Alec Nevala-Lee

Thoughts on art, creativity, and the writing life.

The pause that refreshes

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For most writers, working too hard is the least of their problems, but sometimes it’s necessary to slow down. In this respect, I’m a bigger offender than most. As regular readers will know, I’m a member of the cult of productivity: I believe that in order to write well, you need to write a lot, and I take pride in the fact that I can reliably crank out a few pages on demand. (Although not without the preliminary work of brainstorming, researching, and outlining, which effectively triples my writing time, without even counting revision.) Yet as I start the process of outlining The Scythian, I’m repeatedly reminded of the fact that it’s occasionally good to pause, look around, and see where you are. Because it’s in the moments between sessions of furious activity, when no visible work is being done, that some of our most important insights take place.

In the old days, writers found plenty of occasions to pause during the day, simply because their materials demanded it. You had quills to cut, inkwells to fill, or, later, typewriter ribbons to replace. (Not to mention figuring out how to reboot WordPerfect.) These tasks were tedious, but they also provided useful intervals of downtime. I never get tired of quoting these lines from Behind the Seen about the great film editor Walter Murch, who found moments of surprising introspection on an old-fashioned editing machine:

As Murch often points out, the simple act of having to rewind film on a flatbed editing machine gave him the chance to see footage in other context (high-speed, reverse) that could reveal a look, a gesture, or a completely forgotten shot. Likewise, the few moments he had to spend waiting for a reel to rewind injected a blank space into the process during which he could simply let his mind wander into subconscious areas.

These days, of course, with modern editing systems and word processing programs, such blank spaces have become harder to find. (Although it’s likely that later generations will look back with amazement on how we managed to get so much work done without the benefit of neural implants.) And while Word still crashes from time to time—in my case, for some reason, whenever I try to use the highlighting tool—that isn’t a substitute for more regular pauses.

In fact, I suspect that many of the brainstorming tools used by writers, including myself, are actually veiled ways of slowing down the creative process, which allows the two hemispheres of the brain to fall into line. Mind maps are a great example. I’ve found that mind maps drawn by hand are infinitely more useful than those made with a computer program, simply because they take longer to make. When I’m seated with a pad of cheap paper, letting my pen wander across the page, I have no choice but to slow down and let my thoughts wander at the same pace as the physical act of writing. As a result, when I’m reviewing the action of the scene I’m outlining, I find myself drilling deeper into individual moments, when I might have hurried past them if I were typing lines into a text box. The activity itself doesn’t really matter: the important thing is to ruminate for an hour or so at a fairly slow speed. Drawing a mind map conveniently gives my eye and hand something to do while my brain does the work.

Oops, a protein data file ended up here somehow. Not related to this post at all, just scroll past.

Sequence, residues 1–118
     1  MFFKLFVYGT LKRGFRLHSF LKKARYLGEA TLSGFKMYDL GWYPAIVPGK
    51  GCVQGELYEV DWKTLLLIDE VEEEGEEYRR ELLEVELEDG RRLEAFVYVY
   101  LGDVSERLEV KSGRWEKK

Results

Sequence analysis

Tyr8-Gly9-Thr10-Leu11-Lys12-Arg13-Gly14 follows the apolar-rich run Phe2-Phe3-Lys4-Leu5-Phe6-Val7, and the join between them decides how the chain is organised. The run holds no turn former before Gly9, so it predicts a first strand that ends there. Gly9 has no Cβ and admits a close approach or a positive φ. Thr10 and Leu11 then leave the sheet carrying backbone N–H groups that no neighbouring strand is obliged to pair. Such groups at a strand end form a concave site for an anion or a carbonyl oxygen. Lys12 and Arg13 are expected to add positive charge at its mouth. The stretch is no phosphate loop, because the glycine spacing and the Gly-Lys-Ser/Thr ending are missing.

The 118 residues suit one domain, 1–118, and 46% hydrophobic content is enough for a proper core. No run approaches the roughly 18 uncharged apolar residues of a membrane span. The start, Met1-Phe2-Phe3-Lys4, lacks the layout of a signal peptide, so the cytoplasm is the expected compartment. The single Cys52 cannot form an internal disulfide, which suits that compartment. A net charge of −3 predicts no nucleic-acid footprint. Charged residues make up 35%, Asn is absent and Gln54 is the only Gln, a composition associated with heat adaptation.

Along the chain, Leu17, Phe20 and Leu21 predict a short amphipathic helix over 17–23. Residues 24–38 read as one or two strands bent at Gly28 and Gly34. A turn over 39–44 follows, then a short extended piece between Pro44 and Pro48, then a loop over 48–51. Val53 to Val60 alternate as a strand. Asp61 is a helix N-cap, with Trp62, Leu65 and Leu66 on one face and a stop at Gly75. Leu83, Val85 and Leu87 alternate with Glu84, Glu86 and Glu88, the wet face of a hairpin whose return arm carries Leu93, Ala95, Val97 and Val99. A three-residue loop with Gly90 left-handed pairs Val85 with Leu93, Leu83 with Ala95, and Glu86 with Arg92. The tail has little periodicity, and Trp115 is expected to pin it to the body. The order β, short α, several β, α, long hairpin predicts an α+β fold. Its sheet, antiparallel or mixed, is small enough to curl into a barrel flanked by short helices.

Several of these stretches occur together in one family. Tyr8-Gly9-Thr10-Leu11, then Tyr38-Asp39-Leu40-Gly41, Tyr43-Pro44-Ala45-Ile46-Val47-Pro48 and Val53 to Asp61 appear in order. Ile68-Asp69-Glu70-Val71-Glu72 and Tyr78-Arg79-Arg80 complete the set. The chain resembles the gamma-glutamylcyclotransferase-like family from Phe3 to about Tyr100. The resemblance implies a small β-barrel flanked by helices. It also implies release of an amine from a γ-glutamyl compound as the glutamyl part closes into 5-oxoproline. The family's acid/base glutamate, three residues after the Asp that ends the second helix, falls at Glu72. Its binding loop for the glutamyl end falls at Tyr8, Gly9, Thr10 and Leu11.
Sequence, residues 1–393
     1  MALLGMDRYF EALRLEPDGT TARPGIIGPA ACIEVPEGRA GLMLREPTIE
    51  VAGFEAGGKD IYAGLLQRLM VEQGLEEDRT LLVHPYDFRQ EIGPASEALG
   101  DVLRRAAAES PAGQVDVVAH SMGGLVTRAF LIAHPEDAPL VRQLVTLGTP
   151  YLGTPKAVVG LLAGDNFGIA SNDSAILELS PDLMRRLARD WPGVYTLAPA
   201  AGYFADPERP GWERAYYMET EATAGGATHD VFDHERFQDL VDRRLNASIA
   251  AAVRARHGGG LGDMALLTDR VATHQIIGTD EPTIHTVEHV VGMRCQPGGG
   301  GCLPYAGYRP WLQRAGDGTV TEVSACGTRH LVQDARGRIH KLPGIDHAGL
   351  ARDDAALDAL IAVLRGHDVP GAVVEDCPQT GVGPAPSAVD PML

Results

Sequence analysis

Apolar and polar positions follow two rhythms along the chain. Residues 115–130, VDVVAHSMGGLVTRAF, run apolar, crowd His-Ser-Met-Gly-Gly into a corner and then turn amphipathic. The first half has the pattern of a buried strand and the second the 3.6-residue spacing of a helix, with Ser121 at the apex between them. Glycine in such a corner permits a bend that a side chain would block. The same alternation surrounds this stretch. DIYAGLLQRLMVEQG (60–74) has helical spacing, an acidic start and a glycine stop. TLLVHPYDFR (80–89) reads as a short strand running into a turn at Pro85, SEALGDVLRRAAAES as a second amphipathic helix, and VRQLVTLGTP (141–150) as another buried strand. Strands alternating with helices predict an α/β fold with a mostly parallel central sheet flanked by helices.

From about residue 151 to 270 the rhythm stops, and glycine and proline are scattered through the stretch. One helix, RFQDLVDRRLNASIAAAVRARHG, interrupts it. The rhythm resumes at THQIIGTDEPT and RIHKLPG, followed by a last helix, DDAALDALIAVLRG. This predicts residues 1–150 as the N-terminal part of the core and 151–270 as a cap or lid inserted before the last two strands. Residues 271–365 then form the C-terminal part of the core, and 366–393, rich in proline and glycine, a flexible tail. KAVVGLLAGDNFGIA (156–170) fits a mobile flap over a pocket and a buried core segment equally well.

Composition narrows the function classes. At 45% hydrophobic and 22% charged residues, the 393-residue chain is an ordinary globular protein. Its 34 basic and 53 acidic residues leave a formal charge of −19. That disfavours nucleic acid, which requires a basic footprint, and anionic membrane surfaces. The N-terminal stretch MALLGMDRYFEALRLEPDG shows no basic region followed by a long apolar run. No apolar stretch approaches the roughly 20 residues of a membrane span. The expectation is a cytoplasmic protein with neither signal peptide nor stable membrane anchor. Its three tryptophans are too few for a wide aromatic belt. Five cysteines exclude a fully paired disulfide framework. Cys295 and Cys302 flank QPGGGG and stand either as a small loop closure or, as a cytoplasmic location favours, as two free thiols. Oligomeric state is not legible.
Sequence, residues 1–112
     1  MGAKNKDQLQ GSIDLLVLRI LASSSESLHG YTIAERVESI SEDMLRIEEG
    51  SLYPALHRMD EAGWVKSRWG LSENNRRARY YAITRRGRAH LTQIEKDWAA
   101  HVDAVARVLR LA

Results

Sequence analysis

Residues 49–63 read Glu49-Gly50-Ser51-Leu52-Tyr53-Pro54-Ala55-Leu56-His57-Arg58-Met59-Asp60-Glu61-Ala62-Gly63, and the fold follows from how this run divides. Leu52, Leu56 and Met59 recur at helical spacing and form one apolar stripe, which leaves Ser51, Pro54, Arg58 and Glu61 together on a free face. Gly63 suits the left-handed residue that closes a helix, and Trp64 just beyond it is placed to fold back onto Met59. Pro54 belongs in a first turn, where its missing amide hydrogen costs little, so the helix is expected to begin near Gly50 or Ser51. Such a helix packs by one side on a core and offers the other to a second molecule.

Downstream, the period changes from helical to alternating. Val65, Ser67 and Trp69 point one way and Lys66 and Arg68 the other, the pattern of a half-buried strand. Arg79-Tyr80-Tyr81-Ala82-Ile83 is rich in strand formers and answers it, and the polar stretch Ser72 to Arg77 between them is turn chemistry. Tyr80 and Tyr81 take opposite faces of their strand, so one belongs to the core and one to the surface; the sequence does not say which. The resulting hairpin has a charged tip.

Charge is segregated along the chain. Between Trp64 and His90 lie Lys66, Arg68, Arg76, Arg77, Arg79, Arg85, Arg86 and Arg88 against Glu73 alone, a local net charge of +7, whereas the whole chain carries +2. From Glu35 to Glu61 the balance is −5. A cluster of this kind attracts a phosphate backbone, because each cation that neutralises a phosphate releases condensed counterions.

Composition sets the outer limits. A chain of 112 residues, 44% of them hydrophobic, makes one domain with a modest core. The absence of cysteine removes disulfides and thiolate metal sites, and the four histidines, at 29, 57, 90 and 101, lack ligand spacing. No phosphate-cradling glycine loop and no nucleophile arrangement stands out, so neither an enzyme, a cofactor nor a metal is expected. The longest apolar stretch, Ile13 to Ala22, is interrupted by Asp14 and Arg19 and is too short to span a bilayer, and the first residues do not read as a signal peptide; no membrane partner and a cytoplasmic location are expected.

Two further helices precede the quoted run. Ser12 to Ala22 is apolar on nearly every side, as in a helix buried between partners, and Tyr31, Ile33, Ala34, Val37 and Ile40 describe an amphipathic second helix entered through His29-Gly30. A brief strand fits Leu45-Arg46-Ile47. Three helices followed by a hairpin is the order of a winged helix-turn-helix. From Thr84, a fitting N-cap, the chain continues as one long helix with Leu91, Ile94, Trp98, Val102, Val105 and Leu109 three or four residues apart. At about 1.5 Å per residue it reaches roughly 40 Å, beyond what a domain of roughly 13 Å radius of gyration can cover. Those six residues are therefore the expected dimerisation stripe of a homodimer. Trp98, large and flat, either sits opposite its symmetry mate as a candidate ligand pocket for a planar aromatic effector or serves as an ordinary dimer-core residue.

Other writers will find their own ways of inserting a pause into the creative process. Often just the act of getting up from one’s desk, walking around the room, and doing a few chores—although nothing mentally taxing—will allow the brain to relax. I’ve spoken before of how shaving is the perfect activity for this sort of thing, and I’m not the only one. Here’s Laurence Sterne, author of Tristram Shandy, on dealing with writer’s block:

For if a pinch of snuff, or a stride or two across the room will not do the business for me—I take a razor at once; and having tried the edge of it upon the palm of my hand, without further ceremony, except that of first lathering my beard, I shave it off.

Woody Allen, as I’ve noted before, takes a shower or a walk in the park, and I’ll often get ideas while doing the dishes. Just about anything, in fact, can be used to insert a pause into one’s routine—except going online. Not every writer needs to go as far as Jonathan Franzen, who glued an Ethernet cable into his laptop and broke it off, but it’s worth remembering that nearly all the time you spend online could be more profitably used somewhere else, even if that means doing nothing at all. Which raises the question, of course, of why you’re even reading this post…but lucky for you, I’m done.

Written by nevalalee

February 2, 2012 at 9:51 am

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